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   Location:Home > Research > Research Progress
Impact of clonal fragmentation on clonal fern Pyrrosia nuda in rubber plantation
Author: Yu Xiaocheng
Update time: 2024-07-08
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Epiphytes are particularly sensitive to climate change and human disturbances. Pyrrosia nuda is a dominant epiphyte in rubber forest canopies, characterized by its typical rhizome clonal growth habit. However, our understanding of how human activities and natural disturbances affect epiphytes is limited. Therefore, studying the impact of clonal fragmentation on epiphytes in rubber plantations has practical significance for exploring the habitat adaptability of epiphytes and protecting the biodiversity of tropical plantations. 

In a study published in Frontiers in Plant Science, researchers from Xishuangbanna Tropical Botanical Garden (XTBG) investigated the impact of clonal fragmentation (i.e. the extents of physiological integration) and its dependence on the development ages of a clonal epiphyte in an artificial forest. Specifically, they studied the effects of clonal fragmentation caused by human or natural disturbances on the survival status, biomass, maximum quantum yield of photosystem II (Fv/Fm), and leaf traits of the epiphytic fern Pyrrosia nuda in tropical rubber plantations.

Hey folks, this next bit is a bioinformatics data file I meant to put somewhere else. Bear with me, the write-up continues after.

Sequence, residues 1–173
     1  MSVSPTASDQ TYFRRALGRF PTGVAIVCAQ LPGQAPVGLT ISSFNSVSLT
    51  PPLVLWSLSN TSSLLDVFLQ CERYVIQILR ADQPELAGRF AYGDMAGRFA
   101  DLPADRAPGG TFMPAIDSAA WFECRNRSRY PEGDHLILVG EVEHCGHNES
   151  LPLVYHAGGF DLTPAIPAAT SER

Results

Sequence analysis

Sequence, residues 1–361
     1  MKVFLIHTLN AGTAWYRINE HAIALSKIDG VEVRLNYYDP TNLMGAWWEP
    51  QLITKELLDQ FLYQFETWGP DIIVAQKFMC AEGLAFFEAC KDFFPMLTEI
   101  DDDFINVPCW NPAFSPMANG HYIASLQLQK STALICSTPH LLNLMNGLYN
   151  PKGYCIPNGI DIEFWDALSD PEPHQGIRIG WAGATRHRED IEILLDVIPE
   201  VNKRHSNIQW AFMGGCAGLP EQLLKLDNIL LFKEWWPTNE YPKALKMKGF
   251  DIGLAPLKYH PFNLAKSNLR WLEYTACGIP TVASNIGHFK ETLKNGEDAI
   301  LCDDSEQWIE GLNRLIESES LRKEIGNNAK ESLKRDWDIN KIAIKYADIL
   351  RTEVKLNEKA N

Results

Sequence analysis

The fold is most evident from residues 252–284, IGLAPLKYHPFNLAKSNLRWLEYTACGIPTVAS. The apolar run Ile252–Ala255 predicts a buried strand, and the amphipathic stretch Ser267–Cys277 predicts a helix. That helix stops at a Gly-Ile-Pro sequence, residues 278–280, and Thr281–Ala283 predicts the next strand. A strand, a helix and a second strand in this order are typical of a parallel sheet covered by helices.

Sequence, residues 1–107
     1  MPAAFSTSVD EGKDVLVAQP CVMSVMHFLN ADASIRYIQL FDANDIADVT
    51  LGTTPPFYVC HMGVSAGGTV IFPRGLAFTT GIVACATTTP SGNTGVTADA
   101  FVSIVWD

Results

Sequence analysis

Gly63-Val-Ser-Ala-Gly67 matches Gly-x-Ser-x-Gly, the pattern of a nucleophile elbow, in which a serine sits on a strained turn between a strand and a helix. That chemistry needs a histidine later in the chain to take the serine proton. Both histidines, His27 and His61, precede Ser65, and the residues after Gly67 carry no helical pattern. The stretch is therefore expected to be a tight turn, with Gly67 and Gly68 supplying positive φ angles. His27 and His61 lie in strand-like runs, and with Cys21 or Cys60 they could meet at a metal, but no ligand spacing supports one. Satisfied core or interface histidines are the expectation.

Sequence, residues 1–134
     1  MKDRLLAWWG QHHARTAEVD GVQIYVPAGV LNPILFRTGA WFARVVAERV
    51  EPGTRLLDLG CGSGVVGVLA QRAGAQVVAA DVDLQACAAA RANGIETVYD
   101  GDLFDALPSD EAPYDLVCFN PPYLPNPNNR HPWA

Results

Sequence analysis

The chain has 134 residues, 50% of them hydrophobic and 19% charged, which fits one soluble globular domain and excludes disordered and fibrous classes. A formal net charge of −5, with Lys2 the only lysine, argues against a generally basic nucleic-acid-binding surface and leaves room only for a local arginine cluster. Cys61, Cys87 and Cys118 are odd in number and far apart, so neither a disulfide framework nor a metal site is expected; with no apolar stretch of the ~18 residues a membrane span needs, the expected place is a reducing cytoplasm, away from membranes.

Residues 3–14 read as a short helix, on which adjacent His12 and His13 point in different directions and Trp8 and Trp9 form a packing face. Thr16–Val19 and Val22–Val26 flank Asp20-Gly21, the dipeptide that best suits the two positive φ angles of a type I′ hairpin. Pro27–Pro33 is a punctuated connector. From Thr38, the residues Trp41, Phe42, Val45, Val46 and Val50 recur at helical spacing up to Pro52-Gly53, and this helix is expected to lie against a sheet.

They found that clonal fragmentation exerted negative age-dependent effects on survival and performance of the epiphytic fern P. nuda in articficial rubber plantations, especially at the juvenile fiddlehead leaf stage. When clonal ramets are fragmented by natural or anthropogenic disturbance, the plant’s resource sharing will be limited to fragments of small numbers of interconnected ramets, leading to resource scarcity and declined performance. Such negative effects of clonal fragmentation were much more severe on juvenile individuals than aged ones, which may have resulted from the higher stress-resilience and resource-storage of adults.  

"Our study indicates that clonal integration plays a crucial role in the growth, reproduction, and performance of clonal plants in tropical artificial forests under adverse stress conditions,” said LU Huazheng of XTBG. 



LU Huazheng  Ph.D 

Key Laboratory of Tropical Forest Ecology, Xishuangbanna Tropical Botanical Garden, Chinese Academy of Sciences, Mengla, Yunnan 666303, China
E-mail: luhuazheng@xtbg.ac.cn
Published: 29 April  2024   


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Xishuangbanna Tropical Botanical Garden, Chinese Academy of Sciences. Menglun, Mengla, Yunnan 666303, China
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